Team sweatshirt
testimony to the indwelling Christ.

Endurance inspired by hope. Picture this. A runner is 56 miles into a 100-mile race. The area is remote, he's puking, feet are ravaged from hours of being wet, and it feels like he is carrying a 150 pound pack. Every step is torture as he makes his way into a check point. He sits in a chair, shivering from dehydration and exhaustion. In front of him looms a huge climb up the next mountain and 44 more tortuous miles. Now, if he abandons any hope of  earning the finisher's buckle, do you think there's much chance of him getting out of that chair and proceeding on. No way! The only thing that would drive him forward is a real hope of making it to the end despite the circumstances. Believer, we can carry on because our hope in Jesus Christ is well-placed! We can--and must--endure.

My team and I are in the final weeks of our cross country season. So, what will be our legacy? What will we be remembered for? Will we be known for work produced by faith, labor prompted by love, and endurance inspired by hope? I trust that will be the case.





Saturday, August 16, 2014

Pre-season football and watermelon

On Friday, Aug 15, a few FCA staffers and volunteers had the privilege to challenge the young men of the Rustburg and Northside High Schools and serve them refreshing watermelon. WSET, the local ABC affiliate, was there to capture the action on and off the field.

Watch the news story here!

Tuesday, July 29, 2014

Transparent musings

I didn't think it would be this hard. 300 people at $25.00 a month is all it would take. Surely, folks can appreciate that ministry takes money. That's less than buying one cup of cheap (super cheap) coffee a day, one over-sized candy bar in the check- out line of Wal-mart fifteen times a month, or a $5.00 meal Dairy Queen meal special just a little over once a week. Seems to me many of us (including me), if we're not careful, can mindlessly blow twenty-five dollar bills pretty easily--and never really miss it. So theoretically, if it requires just 300 people to promise a relatively modest commitment per month, why is my upcoming FCA ministry not yet funded?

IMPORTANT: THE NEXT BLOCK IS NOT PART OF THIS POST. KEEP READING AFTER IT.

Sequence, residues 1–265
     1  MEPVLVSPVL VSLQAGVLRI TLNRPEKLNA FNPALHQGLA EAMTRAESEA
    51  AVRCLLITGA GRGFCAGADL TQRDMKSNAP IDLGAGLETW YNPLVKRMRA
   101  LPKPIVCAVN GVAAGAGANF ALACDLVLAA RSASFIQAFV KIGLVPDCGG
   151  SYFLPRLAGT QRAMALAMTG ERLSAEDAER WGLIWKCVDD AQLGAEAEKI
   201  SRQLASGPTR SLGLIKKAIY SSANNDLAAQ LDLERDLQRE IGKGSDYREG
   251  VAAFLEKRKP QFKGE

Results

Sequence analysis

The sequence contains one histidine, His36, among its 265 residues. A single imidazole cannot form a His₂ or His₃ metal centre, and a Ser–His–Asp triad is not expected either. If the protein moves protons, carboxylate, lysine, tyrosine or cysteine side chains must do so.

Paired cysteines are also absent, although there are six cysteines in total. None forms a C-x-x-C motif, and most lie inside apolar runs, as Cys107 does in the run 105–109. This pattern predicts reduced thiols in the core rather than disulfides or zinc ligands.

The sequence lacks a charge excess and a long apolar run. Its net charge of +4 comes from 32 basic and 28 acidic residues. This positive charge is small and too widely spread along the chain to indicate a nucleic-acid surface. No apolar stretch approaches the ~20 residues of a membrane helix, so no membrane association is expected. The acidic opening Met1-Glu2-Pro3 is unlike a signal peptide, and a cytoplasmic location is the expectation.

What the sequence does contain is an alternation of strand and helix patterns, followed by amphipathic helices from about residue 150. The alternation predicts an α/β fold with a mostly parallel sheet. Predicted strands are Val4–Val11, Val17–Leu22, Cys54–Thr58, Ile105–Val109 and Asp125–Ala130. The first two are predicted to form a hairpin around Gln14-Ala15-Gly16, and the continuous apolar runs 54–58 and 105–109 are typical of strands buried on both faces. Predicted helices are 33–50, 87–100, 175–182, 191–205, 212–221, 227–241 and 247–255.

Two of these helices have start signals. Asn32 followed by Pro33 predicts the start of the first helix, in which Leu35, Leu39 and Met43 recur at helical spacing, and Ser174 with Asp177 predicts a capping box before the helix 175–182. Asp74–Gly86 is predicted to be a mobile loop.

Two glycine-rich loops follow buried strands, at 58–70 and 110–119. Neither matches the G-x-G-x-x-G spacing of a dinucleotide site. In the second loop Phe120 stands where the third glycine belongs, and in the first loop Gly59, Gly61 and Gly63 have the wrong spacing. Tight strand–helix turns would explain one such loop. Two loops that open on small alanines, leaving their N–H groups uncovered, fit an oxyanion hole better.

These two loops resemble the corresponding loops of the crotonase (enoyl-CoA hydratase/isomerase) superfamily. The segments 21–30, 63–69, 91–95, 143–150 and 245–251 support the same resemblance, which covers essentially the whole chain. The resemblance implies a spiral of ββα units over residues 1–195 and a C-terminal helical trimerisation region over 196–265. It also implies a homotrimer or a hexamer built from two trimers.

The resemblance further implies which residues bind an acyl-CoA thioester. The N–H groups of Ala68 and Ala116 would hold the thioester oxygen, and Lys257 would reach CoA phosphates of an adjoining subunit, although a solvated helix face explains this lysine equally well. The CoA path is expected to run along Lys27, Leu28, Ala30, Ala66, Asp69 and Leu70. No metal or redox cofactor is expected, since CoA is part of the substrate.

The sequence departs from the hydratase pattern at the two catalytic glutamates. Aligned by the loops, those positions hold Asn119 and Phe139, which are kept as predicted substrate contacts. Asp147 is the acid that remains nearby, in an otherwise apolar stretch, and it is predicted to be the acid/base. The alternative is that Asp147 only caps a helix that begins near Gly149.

Now, please don't get me wrong. I am not complaining nor am I trying to have a pity-party, woe is
me session. Sixty-five individuals, families, or businesses have joined this team that is scheduled to take on the challenge of ministry to women coaches and their teams. Some of those sixty-five have given selflessly and sacrificially, being in ministry themselves. Every amount given, large or small, is accepted with humility and a pledge to use the funds with all integrity. I fully understand that of the countless worthy fund-needing ministries out there, my FCA ministry is but another.